After initially going around Tobruk and pushing into Egypt, Rommel returns and lays siege to the city. After two failed British assaults to try and break the hold on Tobruk, Churchill replaces Wavell with General Claude Auchinleck who launches a third assault on Rommel’s forces around Tobruk. This assault was finally successful and pushed Rommel back to El Agheila, Libya. In January 1942 Rommel launches another strike against the British after being resupplied by his shorter supply lines, taking Benghazi.  In a great showing of military tactics, Rommel then overran several British strongholds and captured Tobruk which housed a great store of British supplies.

After the loss of Tobruk, Churchill again changes commanders in the African theater, this time to General Bernard Montgomery. Montgomery reinforced the British 8th Army and made changed to improve its operations. In August 1942, Rommel attacks the British southern line, but is repelled by strong resistance, his target having been guessed correctly by Montgomery. This was the beginning of the end for the German-Italian Army in Africa.  Rommel continued to push against El Alamein, but suffered serious losses, especially to his supply lines, by Royal Air Force bombers and fighters. The British on the other hand were receiving copious supplies from the United Stated including Sherman tanks and artillery units. Shortly after Rommel’s failed push against El Alamein, the British began a strong counter offensive which resulted in over 30,000 Germans becoming prisoners of war.[5]

Beginning on November 8, 1942, US and British forces were landed in French North Africa, specifically Morocco and Algeria. The British forces on the Egyptian side of Libya continued the push against Rommel forcing him back through Libya and eventually taking Tripoli in January 1943. The two Allied forces eventually combined and set their sights on Tunisia where Rommel had managed to unite two main Panzer groups into a strong force which he moves toward the Allied army. In Rommel’s favor was the new tanks he obtained. These tanks were armed with 88mm anti tank guns[6] which would result in the loss of many Allied armor units. This time Rommel, with his new weapons, goes up against the Americans at Kasserine Pass, splitting their lines and finally overwhelming them. He continued the drive to near the border of Algeria. Here Rommel was stung by the Allied air power who had taken control of the skies over the battlefield. This Allied airpower would turn the tide against Rommel forcing him into a retreat.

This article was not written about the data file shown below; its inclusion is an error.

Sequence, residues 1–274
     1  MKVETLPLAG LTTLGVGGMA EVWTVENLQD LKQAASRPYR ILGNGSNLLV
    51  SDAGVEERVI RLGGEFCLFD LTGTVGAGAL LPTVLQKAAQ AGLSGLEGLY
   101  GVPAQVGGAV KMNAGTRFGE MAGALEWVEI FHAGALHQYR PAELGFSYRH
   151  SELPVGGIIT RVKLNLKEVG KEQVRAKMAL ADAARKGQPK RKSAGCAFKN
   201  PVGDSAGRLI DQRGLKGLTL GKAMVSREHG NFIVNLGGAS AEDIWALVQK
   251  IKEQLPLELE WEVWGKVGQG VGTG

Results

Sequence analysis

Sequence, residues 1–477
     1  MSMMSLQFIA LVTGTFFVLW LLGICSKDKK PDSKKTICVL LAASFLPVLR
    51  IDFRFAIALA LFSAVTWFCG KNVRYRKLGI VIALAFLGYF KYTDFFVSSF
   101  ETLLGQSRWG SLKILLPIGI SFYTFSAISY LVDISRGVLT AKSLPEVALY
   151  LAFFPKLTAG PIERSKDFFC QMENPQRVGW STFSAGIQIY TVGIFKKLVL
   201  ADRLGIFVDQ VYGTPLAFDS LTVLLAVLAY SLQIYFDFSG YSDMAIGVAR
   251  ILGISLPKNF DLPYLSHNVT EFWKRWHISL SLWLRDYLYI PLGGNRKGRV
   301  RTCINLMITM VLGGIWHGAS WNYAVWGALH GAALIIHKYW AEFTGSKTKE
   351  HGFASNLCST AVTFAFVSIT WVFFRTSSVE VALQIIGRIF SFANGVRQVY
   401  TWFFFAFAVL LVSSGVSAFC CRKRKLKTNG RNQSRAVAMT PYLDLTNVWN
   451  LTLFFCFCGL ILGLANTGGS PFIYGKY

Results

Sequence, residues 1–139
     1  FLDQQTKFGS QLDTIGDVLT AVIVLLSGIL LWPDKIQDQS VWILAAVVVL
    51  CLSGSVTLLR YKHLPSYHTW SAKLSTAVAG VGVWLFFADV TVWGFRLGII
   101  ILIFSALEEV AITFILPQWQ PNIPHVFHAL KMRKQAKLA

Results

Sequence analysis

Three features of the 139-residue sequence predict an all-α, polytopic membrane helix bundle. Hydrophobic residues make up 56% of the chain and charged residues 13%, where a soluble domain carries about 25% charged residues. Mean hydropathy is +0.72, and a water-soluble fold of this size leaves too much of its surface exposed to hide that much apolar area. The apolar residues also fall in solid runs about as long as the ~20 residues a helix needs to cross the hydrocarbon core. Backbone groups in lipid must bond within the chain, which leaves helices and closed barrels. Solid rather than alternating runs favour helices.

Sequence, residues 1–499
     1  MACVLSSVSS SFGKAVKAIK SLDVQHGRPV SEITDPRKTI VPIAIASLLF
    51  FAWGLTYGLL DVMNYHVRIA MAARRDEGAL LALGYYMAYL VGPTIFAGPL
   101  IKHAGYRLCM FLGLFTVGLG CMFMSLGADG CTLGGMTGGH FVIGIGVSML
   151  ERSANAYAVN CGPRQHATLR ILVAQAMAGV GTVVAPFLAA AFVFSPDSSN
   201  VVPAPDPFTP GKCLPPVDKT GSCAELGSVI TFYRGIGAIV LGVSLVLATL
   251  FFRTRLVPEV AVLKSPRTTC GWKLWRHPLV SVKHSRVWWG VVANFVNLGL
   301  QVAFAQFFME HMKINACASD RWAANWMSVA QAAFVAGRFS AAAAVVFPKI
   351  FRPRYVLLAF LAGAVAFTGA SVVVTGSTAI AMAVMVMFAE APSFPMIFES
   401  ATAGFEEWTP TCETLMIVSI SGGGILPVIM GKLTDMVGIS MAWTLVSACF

Rommel retreated to the French built Mareth line, a series of fortifications spanning 22 miles, where he consolidated his forces preparing to meet the ever strengthening Allied armies. With his forces being battered for over a month, between February and March 1943 along the Mareth line, the Axis forces had little chance to withstand the onslaught that would be coming. In another stroke to the German campaign, Rommel became ill and was forced to be flown out of Africa and back to Germany to recover.

With the loss of their intrepid leader, the Germans finally capitulated on 13 May 1943. This complete surrender of Axis forces in North Africa totaled more than 240,000 men.[7]  On 15th May the last of the Axis soldiers laid down their arms. British General Alexander signaled the Prime Minister: "Sir it is my duty to report that the Tunisian Campaign is over. All enemy resistance has ceased. We are masters of the North African shores." [8]

The loss of North Africa marked one of several important fronts that were taken on by Hitler and were defeated by the Allies (Western, Eastern, and African fronts). It would come down to the inability of Germany to supply the forces sufficiently. With so many fronts being fought at the same time, the German war machine was stretched too thin to support the increasing needs of the German armed forces. Italy took the first steps by expanding their sphere of influence into Africa and their weakness in being able to hold the expansion against the Allied forces forced Hitler to step in and thin his own military by spreading them out amongst many fronts.  With the might of the United States resources behind them, the Allies were able to overwhelm the German limited resources and push back even the most experienced units of the German army and one of the greatest generals of the Reich, Erwin Rommel.



Afrikakorps.org. Panzer-Armee "AFRIKA" Kommandeurs. 2008. http://www.afrikakorps.org/dakkommandeurs.htm (accessed April 15, 2009).

Jackson, Derrick. Days Before Victory in Africa. 2000. http://www.britain-at-war.org.uk/WW2/Derrick_Jackson/html/body_days_before_victory_in_africa.htm (accessed April 16, 2009).

Toppe, Alfred. Desert warfare: German experiences in World War II. June 18, 1979. http://www-cgsc.army.mil/carl/resources/csi/Toppe/toppe.asp (accessed April 15, 2009).

Tucker-Jones, Anthony. Hitler's Great Panzer Heist. Stackpole Books, 2008.

US Army. A Brief History of the U.S. Army in World War II. U.S. Army Center for Military History, 2003.

Vaughan, Donald. The Everything World War II Book. Avon: Adams Meedia Corporation, 2002.


[1]  (Afrikakorps.org 2008)

[2]  (Toppe 1979)

[3]  (Toppe 1979)

[4]  (Vaughan 2002)

[5]  (Vaughan 2002)

[6]  (Tucker-Jones 2008)

[7]  (Vaughan 2002)

[8]  (Jackson 2000)

Last Updated ( Friday, 29 May 2009 11:59 )


German North African Campaign 1940-43
Written by Steven Terjeson   
19 April 2009



Date Added: 2010-06-16